4 Mar

Want a taste for what the American Birkebeiner, the largest cross-country ski race in North America, is like? Take a look at my video and blog post on FasterSkier.

New blog up on FasterSkier

18 Jan

After nearly six months at FasterSkier, I’ve started my own blog there. While I’ll continue to update this one with less ski-specific stuff, here’s an intro to what I’ve been doing on the job — and what Rumford, Maine, is like. 

First Time in Rumford” via FasterSkier.com

 

How to chase balloons

23 Sep

It’s balloon time in the Queensbury-Glens Falls region! While you may not be overly excited for the annual Adirondack Balloon Festival taking place near the Warren County Airport this weekend, here is a video and a recycled column on why and how you should get out and watch. (Bring your pet, too!)

For a schedule of events for this weekend’s balloon festival, check The Post-Star and it’s balloon-specific section.

Sportswriter Alex Matthews took her “Anything Active” column to the 38th annual Adirondack Balloon Festival, where she found out what it’s like to chase balloons.

***

Post-Star commentary by Alex Matthews | Posted: Monday, September 27, 2010; poststar.com

As I rolled into the Glens Falls YMCA parking lot in complete darkness at 6 a.m. Sunday, I wondered what I was doing.

I had committed to hot-air balloon chasing – something not entirely “active” but interesting nonetheless – and my mom agreed to meet me before the Adirondack Balloon Festival’s 6:30 a.m. launch time.

Still, it was painfully early for a night-shift sportswriter, and I have no real fascination with balloons. Riding in one seemed almost less appealing than following in my own car.

So why did I do it? The balloon festival comes once a year, and we’re lucky to have it. Besides filling the sky with beautiful hues and bubbly shapes, the balloons are weekend-fillers that create activities.

Chasing one by way of rural roads is one of them. So I filled the gas tank, grabbed my car-loving puppy and left the maps at home for a new experience.

In reality, balloon chasing isn’t high speed and a few gallons of gas on a calm day should be sufficient. My mom and I traveled about 10 miles round trip from the Warren County Airport. Each balloon is typically airborne for about an hour.

The landing site on County Road 36 in Kingsbury was actually a little farther from the airport than others ended up. After chatting with our balloon’s crew members, the local Blacksheep Squadron, we discovered they launched independently from Route 4.

Balloon-chasing lesson No. 1: Pick an unmistakably recognizable balloon. I’d go with a cupcake or a fruit shape rather than a certain color. And don’t detour for coffee.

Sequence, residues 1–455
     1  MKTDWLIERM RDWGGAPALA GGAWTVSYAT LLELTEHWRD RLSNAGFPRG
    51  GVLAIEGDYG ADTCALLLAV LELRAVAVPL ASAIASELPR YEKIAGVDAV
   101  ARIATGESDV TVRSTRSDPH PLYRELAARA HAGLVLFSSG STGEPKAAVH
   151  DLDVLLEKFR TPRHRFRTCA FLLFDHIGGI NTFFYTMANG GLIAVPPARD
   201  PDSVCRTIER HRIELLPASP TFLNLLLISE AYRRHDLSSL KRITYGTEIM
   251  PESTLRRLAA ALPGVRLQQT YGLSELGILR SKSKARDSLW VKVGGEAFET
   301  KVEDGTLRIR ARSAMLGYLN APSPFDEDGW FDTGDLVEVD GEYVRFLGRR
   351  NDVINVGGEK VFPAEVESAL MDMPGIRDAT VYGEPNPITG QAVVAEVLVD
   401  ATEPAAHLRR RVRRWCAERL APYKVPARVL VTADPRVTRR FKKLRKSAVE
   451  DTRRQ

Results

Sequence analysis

The day was a success regardless, and we were glad to have found a balloon with local ties and a smiling landowner to greet them.

For those thinking of balloon-chasing next year, here’s an outline of how the morning might go:

6:40 a.m.: Watch some 80 balloons launch from the airport in Queensbury. We chose an outside spot on a hill off County Line Road for a quick exit.

7 a.m.: Coffee stop. Skip it. You’ll get distracted and lose track of your balloon.

7:15-7:30 a.m.: A very slow drive to your destination. We stopped once to see if the balloon was moving.

7:45 a.m.: The landing. Run into the field if you want, but stay out of the way. The crew usually helps move the hovering balloon closer to the road.

8-8:30 a.m.: Talk to the balloonists and their crew members. Feel free to offer a hand in deflating the balloon and packing it up.

***

Active Advice: Ways to actively chase balloons

— Follow on a bicycle: We drove, but the total mileage was only about 10 miles, and some balloons landed closer to the Warren County Airport launch site.

— Wear jeans or long pants and sneakers: If you’re planning on running through a field to meet the balloon.

— Ask the crew if they want help: They’re usually happy to have extra hands deflating the balloon and keeping it off the wet ground.

— Don’t expect champagne: First of all, it’s 8 a.m., and you weren’t really that involved. Bring a bottle of water instead.

— Inquire about riding in a real chase vehicle: Many balloon festivals seek local volunteers as guides to ride with crew members. Visit www.adirondackballoonfest.org to contact organizers.

Surviving the Spartan Race

8 Aug

Two days after the Spartan Beast Race, a 13-mile trail and obstacle course challenge in Killington, Vt., I think I have the brainpower to reflect on the 6 hours and 15 minutes my younger brother, Will, and I spent out on the mountain.

Before the start, we watched a couple hundred in the elite crew head out at 9 a.m. We were in the 10 a.m. wave and happy to have them go first, break the trail and show us what we were in for. Just before 10, the leaders were back near the base after scaling 1.5 miles up a ski trail and 1.5 down to what we thought was their first obstacle. In all, I think there were 26 out there, and the rock-climbing-like wall and barricade near the bottom ended up being No. 4 or 5 on the list.

As Will and I planned to run up to and over the raging fire at the start, we did a little fist pump. No idea how this is going to go, but we’re going to do it, we thought.

Alex and Will Matthews, center, embark on the beginning of the 13-mile Spartan Beast challenge at Killington Mountain on Saturday, August 6.

The first 3 miles were tough, as expected. Up and down one of Killington’s steeper trails (Superstar, I think), we caught a whiff of the beating sun and the high humidity. When we weren’t on the ski trail hiking amid chest-high grass (the first guys packed it down), we were in the woods ascending steeper routes with rocks and trees to aid us.